No matter where you live - by the lakeshore, in the city, or on
a farm - there are many things you can do to contribute to the
health and restoration of Lake Winnipeg and other water bodies. Below are some examples from LWRC Special Projects Program participants, LWRC members, and school groups. We hope that by profiling these projects, you will be inspired to get more engaged in caring for water. Don't forget to share your projects with us!
Save Lake Winnipeg Award - Save Our Lake (SOUL) is a grassroots group, formed as a sub-committee of the provincial park based Grindstone Cottager Owners' Association (LWRC member). SOUL has been working hard on a number of initiatives aimed at mobilizing the public to take steps toward a healthier Lake Winnipeg. One such project is an award opportunity (Save Lake Winnipeg) offered to junior and intermediate level participants in the annual Manitoba Schools Science Symposium (MSSS) for science projects that create awareness and highlight actions that individuals can take to protect water from further degradation.
"River on the Run North" - Independent Manitoba Artists. "The Red River and the connecting lake and river systems are the focus for a collaboration of artists from varied disciplines who will explore the wounded body of the river as it flows – or flees – north." (in progress) Click here for more details.
Nine community foundations in Manitoba pooled resources to provide the LWRC with $82,000 for each of two years (2008 & 2009) to cover LWRC administrative costs. The foundations include: Winnipeg Foundation, Thomas Sill Foundation, Dauphin and District Community Foundation, Lake of the Woods Water Sustainability Foundation, Selkirk and District Community Foundation, Westshore Community Foundation, Lake Winnipeg Foundation, Brandon Area Community Foundation, and Community Foundation of Portage and District.
In 2006, Diageo (LWRC member) kindly paid for the LWRC tote bags in an effort to raise funds for the Education & Outreach program.
The Cecil Rhodes Video Club has won many awards for their videos. In 2006, they produced a video on Lake Winnipeg called "Troubled Waters" that won three national awards.
Other things you can do to directly reduce shoreline degradation and water quality deterioration
Restore your shoreline to a more natural state.
This would include a buffer strip of natural vegetation on your
property, aquatic plants in the water and rocks on the lake bed.
In addition to creating favourable habitat for a variety of animals,
including fish and birds, it also improves water quality and
reduces erosion. The reason nearshore vegetation improves water
quality is because it acts as a filter for nutrients and contaminants
running off of the land. Many aquatic plants, such as cattails,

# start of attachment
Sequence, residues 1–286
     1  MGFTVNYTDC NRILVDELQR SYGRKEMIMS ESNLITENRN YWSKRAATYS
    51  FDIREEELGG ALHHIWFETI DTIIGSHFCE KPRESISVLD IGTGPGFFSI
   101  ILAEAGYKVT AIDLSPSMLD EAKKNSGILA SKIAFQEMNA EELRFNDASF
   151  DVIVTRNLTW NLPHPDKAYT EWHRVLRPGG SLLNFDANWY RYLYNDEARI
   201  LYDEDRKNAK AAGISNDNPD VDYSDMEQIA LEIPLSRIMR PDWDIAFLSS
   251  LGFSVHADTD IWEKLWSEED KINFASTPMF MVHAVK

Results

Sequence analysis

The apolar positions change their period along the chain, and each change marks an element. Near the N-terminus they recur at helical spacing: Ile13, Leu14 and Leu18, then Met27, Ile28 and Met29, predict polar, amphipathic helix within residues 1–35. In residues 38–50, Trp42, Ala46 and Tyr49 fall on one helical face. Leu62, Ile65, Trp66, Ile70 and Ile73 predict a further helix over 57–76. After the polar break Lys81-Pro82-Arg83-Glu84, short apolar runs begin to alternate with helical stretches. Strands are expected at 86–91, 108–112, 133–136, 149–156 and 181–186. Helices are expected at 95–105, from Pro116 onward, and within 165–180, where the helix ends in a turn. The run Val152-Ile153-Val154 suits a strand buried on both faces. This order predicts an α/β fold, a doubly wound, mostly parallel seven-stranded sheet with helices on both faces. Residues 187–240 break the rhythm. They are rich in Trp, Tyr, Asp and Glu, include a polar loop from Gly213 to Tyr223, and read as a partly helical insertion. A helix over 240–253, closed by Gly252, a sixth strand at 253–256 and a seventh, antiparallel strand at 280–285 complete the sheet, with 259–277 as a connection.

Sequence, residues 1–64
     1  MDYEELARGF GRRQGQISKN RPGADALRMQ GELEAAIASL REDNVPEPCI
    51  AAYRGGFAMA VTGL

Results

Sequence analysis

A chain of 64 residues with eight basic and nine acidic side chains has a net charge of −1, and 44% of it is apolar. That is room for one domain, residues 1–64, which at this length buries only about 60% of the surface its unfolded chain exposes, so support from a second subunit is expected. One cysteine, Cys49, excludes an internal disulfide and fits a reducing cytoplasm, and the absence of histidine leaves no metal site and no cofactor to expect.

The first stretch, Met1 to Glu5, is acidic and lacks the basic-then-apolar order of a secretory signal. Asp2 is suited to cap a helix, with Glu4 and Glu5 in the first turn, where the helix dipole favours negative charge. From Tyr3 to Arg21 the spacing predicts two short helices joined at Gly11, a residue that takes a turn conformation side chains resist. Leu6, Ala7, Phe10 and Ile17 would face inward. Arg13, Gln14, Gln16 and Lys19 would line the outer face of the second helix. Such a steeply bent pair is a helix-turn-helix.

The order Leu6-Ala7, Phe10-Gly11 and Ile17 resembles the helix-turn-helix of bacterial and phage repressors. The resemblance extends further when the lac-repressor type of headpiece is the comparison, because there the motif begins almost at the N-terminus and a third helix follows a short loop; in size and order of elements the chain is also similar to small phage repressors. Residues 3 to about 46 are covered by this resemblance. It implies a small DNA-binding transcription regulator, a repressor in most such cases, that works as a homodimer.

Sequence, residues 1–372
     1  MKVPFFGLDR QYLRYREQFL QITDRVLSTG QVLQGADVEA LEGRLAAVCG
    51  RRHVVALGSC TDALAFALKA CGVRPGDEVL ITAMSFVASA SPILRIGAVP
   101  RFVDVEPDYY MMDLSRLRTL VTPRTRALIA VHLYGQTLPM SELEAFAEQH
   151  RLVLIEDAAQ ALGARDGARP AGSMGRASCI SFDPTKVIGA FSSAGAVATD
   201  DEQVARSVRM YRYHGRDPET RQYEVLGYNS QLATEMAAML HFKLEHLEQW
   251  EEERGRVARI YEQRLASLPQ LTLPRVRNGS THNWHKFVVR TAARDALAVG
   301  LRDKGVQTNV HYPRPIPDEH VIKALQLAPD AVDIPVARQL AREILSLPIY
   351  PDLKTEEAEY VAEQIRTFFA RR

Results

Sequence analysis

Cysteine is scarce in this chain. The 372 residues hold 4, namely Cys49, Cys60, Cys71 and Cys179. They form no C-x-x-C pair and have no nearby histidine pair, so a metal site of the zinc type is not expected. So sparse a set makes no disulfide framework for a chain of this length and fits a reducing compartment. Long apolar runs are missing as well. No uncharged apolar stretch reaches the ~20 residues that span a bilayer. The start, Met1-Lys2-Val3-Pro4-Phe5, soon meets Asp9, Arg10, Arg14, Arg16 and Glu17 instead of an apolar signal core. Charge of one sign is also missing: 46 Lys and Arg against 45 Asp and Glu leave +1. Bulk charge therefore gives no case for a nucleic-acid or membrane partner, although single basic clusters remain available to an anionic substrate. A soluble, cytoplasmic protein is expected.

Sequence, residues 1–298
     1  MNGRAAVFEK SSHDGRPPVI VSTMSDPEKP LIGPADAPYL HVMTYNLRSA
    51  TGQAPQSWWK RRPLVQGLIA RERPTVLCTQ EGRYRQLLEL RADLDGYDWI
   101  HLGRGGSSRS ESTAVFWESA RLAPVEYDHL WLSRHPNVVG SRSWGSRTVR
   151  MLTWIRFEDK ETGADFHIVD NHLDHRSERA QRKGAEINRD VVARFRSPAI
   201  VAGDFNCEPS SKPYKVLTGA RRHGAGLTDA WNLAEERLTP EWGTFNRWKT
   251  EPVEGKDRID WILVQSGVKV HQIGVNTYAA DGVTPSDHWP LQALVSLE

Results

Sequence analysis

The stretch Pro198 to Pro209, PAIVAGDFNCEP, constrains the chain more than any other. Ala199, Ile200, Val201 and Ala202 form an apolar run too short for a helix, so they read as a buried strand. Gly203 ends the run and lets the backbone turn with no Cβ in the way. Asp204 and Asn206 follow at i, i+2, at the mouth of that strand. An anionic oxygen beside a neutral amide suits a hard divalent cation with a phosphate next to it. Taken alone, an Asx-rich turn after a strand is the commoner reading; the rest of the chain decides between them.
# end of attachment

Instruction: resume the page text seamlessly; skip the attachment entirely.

are very effective at taking up nutrients and contaminants (like
heavy metals) thereby reducing their entry into the lake. The
roots of shoreline vegetation also stabilize the soil and reduce
erosion from both terrestrial runoff (from land) and from wave
Ensure that your septic system is in good shape, with no leaks.
Poorly maintained septic systems can contribute nutrients and pathogens
(viruses and bacteria) to the groundwater. Groundwater travels
underground, similar to flowing rivers, and makes its way to
surface waters such as lakes. That means your leaking septic
tank could contaminate your well water, your neighbour’s
well water, rivers and lakes.
Do not flush anything down your toilet
that shouldn’t ‘traditionally’ go
down a toilet, such as medications and chemicals.
Municipal sewage treatment plants are primarily designed to treat
human waste. Once treated, the effluent is generally released into
rivers which ultimately make their way to Lake Winnipeg (if they
are within the lake’s vast watershed). If you put other substances
down the drain, toilet or sewer, they may not get adequately treated
before being released back into the environment.
Reduce your use of phosphorus.
In addition to inadequate sewage systems, other sources of phosphorus
include lawn fertilizers, manure on agricultural land and detergents.
Any phosphorus that is not used by plants gets washed off the
land and into the water system which ultimately drains into Lake
Winnipeg. Any phosphorus going down your drain has the same fate.
Dishwasher detergents are the worst! In aquatic systems, too
many nutrients, especially phosphorus, cause excessive algal
growth. When algae die, their decomposition uses up oxygen in
the water and other living organisms, such as fish, suffocate
Keep large animals, such as cattle, away from shorelines of streams,
rivers and lakes.
This will reduce the amount of erosion caused by trampling and
will maintain the integrity of the vegetation along the shore.
It also reduces the amount of manure, and therefore nutrients,
entering the water.
Reduce the impacts caused by your recreational activities.
This includes reducing your powerboat’s speed when close
to shore so as not to create a wake. Do not drive your ATV in shallow
water. Take care not to spill gas into the lake. Do not pump bilge
into the water. Minimize your use of boat engine cleansers – they
contain highly toxic chemicals. Do not paint your boat with a paint
that contains tributyltin – this is an anti-fouling agent
that works by releasing toxins into the water. Do not dump your
grey water into the lake. Needless to say, never dump your on-board
toilet contents into the water.